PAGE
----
I am learning the role of chaplain in a large Northwest medical center in the United Sates. It’s my second year and I am specializing in palliative care – that time and season of life after receiving a life-limiting diagnosis.
I’m discovering that it can be a time of intense beauty. A time only equalled by those moments of release when we learn to seize a moment in time, even while we let go of matter and matters that simply are no longer as important as they once were. One could perhaps call these, “last second” moments. My father used to say, “Nothing would get done if it were not for the last second!” I thought he was speaking of my school deadlines.
The time spent in palliative care can also be called “liminal space” time. The “event horizon” may be near or far, but it is real and undeniable. It is a gift, really, to have a deadline, even a Final One, as it tends to sharpen our focus. In some ways, living with that knowledge of the deadline helps to put fear in perspective. What could compare, in fact, to dealing with an existential threat that is not just probable, but has an anticipated arrival?
The closer we get to the final hours of life in this world, the more acutely aware we become of the sheer veil that separates what we have come to see as existence in this world and existence in the world beyond. It is sacred ground – a place where eternity kisses mortality and brings it through the veil.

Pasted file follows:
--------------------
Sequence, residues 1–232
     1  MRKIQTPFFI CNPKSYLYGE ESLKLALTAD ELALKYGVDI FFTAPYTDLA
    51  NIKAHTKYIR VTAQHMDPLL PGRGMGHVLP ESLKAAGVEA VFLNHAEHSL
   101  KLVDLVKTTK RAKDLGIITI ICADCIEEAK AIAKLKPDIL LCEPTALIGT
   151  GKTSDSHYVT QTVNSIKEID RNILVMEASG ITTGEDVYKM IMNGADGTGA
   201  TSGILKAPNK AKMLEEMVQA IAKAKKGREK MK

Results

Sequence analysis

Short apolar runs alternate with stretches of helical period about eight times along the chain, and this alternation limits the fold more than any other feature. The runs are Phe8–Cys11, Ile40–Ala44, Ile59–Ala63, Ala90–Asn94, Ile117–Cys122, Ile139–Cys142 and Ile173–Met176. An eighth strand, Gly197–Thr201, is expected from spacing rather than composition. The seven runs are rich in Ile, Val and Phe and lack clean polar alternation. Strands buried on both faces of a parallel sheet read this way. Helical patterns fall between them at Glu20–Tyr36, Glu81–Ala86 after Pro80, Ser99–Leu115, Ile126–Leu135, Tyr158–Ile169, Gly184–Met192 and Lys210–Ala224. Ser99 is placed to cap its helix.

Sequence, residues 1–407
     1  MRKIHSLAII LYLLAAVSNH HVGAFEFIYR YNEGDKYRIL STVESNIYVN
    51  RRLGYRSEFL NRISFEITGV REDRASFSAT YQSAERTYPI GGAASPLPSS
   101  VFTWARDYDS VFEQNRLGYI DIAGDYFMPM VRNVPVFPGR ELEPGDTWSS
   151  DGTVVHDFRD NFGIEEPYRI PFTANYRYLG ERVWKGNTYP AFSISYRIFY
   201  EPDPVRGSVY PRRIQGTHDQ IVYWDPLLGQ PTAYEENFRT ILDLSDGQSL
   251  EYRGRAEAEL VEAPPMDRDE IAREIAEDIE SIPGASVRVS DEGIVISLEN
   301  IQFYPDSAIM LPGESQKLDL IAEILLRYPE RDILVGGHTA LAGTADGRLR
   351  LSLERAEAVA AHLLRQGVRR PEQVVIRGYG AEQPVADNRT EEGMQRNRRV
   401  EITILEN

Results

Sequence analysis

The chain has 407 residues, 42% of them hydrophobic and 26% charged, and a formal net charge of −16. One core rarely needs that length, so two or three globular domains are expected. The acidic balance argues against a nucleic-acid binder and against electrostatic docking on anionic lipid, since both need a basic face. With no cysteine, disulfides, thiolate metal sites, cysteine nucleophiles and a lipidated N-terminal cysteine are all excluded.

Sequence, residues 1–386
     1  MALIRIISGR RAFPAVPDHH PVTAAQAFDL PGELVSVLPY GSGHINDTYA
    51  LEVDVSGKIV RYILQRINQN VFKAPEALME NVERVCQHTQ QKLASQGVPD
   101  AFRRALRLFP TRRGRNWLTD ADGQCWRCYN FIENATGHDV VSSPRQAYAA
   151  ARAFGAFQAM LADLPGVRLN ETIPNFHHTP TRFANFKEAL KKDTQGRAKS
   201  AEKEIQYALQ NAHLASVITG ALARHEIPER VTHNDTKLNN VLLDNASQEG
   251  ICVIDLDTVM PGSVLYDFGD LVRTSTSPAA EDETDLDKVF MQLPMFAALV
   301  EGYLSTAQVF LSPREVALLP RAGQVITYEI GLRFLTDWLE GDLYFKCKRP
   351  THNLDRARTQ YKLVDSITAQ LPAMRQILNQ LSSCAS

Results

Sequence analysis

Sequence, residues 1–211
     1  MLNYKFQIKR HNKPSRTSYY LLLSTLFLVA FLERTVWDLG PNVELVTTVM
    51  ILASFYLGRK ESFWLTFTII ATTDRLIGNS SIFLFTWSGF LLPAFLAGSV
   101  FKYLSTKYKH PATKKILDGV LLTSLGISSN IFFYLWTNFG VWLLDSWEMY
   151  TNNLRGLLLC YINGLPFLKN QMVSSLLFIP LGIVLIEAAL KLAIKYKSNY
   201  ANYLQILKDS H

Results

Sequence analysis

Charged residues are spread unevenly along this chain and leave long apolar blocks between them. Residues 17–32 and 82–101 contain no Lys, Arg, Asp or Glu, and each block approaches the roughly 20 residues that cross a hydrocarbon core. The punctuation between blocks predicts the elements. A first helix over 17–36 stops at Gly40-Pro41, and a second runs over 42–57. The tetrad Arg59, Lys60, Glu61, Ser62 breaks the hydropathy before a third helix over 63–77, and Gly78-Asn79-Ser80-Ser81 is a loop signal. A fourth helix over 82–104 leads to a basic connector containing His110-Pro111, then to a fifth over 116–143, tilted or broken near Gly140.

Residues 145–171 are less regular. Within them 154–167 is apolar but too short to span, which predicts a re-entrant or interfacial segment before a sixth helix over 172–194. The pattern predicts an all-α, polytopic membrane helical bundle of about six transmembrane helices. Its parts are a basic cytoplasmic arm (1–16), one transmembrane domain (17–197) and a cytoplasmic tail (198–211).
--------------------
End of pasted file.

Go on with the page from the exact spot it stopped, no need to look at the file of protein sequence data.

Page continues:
So many times, I have stood by and felt less a chaplain than a midwife, as the soul labors to be born into the kehillah – the gathering place – of souls. We have no good words for it, actually, this liminal space. It is mystery, something one experiences rather than describes.
Perhaps these breathtaking sunsets of Autumn in the Northwest are gracious gifts; given to train our subconscious to see the beauty of the liminal space of life when it finally arrives.
My patient was surrounded by family and his pastor during his last hours. As I left his room, high up on the top floor of our hilltop hospital, the windows were lit with the alpenglow of sunset. The light slowly receded from pink to dusty lavender. Reflected gently on the first fresh snow on Mt. Hood, it passed, very slowly, steadily, from beauty to beauty.
~Karen Freeman Worstell